Doing Less Teaches Them To Do More

One day in 1994, my 9-year-old daughter called me at my office to tell me that she had left her lunch money at home again and needed me to bring it to her. This typical forgetfulness by my children was quite annoying but something I thought I was supposed to resolve as a father. On my ride to the school, I couldn’t help but think about the inconvenience. More importantly, I suddenly became concerned about how irresponsible my daughter would eventually be as an adult if I was constantly remembering for her or rescuing her. That evening, I gathered my three children for an impromptu family meeting to discuss a few changes that would take effect immediately. I announced that from now on, they were solely responsible for remembering to bring with them any items they needed for school that day — lunch money, homework, and school projects. I advised them that unless it was required for health and safety reasons, I was no longer willing to run home and retrieve what they left behind. My responsibility as a dad teaching his children about limits required me to draw a personal boundary. During that meeting, I also took the time to help them come up with ideas that would enable and empower them to remember on their own.

For the next few weeks, my plan worked and the kids were so proud of themselves with their new sense of responsibility — until one day, my 9-year-old daughter called the office. Expressing worry and distress, she told me she had left a book report poster due that day on the dining room table. She described to me how much time and effort she had spent working on it the night before. She then confirmed that she was aware of my new “dad rule” about leaving things at home, but pleaded with me to bring it to her or she would receive a bad grade on the assignment. She promised that this would be the last time that she would ever call me for anything like this. My initial feeling at that moment was that I could go and get it for her, “just this one time,” because I loved her so much and didn’t want her to fail. But I knew that doing so would violate my boundary and teach her that limits are set to be broken. One of the hardest moments while raising our kids was my decision to tell her that I was abiding by the new family rule, and I was unwilling to retrieve the poster. I wished her a good day, hung up the phone, and cried in my office. As it turned it out, the teacher agreed to give her partial credit for the assignment if she brought it in the very next day; my daughter remembered for herself from that moment on.

Shortly after that incident, I decided they were ready for more responsibility so a new rule was set up; I would give the children their lunch money on Sunday nights for the week. They were now responsible for paying for their lunch each day. For some reason, our particular school system would not accept lunch payment in advance for the week so this created a unique challenge. In our discussion about the new rule, I decided that if they lost their lunch money, I would not replace it, and they would have to bring something from home to eat that day — consisting only of a peanut butter and jelly sandwich, crackers with peanut butter, or fruit if available. The point was that if they lost their lunch money, it would not be my requirement to prepare something for them to eat; that was their responsibility. I was also unwilling to be responsible for purchasing any special foods or making anything. They could bring a lunch that they could make on their own — something that I approved. I do know that some parents thought I was a mean father for taking this approach, but my goal was to develop responsible and capable children.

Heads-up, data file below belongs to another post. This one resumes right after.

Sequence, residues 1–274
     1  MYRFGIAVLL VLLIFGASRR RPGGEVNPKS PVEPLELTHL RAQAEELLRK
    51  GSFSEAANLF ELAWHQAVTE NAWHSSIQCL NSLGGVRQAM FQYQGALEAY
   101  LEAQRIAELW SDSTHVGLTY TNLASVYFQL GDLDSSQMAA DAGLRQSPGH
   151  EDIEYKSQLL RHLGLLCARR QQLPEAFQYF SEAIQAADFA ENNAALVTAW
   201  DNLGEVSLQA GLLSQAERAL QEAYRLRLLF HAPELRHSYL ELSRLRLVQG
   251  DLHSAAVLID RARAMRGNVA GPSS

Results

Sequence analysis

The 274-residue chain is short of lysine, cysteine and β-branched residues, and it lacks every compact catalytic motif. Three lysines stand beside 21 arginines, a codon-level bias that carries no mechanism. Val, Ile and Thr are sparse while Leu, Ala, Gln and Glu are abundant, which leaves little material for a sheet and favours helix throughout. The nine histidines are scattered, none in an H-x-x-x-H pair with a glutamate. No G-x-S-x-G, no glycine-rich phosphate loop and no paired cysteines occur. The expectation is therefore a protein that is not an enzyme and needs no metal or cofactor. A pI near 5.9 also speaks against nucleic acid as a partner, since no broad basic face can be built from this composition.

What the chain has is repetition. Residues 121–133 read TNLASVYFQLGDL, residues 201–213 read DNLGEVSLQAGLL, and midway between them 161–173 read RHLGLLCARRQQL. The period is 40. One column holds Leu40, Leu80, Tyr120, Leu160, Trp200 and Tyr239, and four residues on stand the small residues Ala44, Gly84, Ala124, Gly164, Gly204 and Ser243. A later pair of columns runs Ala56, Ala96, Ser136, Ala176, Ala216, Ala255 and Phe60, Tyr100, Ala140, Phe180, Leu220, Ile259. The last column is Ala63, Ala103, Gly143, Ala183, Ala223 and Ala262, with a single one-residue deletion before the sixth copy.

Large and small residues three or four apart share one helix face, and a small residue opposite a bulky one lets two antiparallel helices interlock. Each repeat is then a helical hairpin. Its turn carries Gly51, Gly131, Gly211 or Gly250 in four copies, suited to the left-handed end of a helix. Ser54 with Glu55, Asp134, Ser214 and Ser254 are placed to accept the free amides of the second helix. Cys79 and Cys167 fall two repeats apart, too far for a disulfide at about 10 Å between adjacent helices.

One evening at home, my son entered the kitchen dragging a dining room chair over to the counter. We had a few adult friends visiting and he excused himself to clear a path as the adults moved out of this way. He stepped up on the chair and opened the cupboard, taking down a box of crackers and a jar of peanut butter. One of the visitors asked him what he was doing. Without any hesitation, he told them that he had lost his lunch money and was making his lunch for the next day. I got some very strange, judgmental looks. But I had made the decision long ago that I was not in this world to please others or live by their standards. I was a father and I was taking my role very seriously. Today I’m enjoying watching that same little boy as an adult, planning ahead, setting clear boundaries for himself and others, and making wise decisions.

Raising cooperative and responsible children requires teaching them about clear, respectful limits and boundaries. It helps them to become self-sufficient and teaches them personal responsibility. As parents, we love our children dearly, but with our busy schedules and the limited time we have to spend with them, we’ve become convinced that we need to do more for them, rather than teaching them about limits in advance. And once limits are set up, we have to remember that because our children are wired to explore, they will test those limits. Refrain from punishing your children when they test your boundaries, and remain calm. Realize that if you’ve done everything for them in the past and have decided to suddenly make changes, their normal reaction may be to push your boundaries even more. Our children want to know “who’s flying the plane”; it’s up to us to show them we’re the pilot and in charge!


  1. Great kids come from great parents. Kudos to you! You found ways to give your kids opportunities from which to grow. What a joy it must be for you to see them as successful young adults.

  2. Hi KJ, I'm sorry that I did not see your response sooner. Thank you for reading and yes, it is a joy to watch my kids live effective and awesome lives as young adults. All the best to you.


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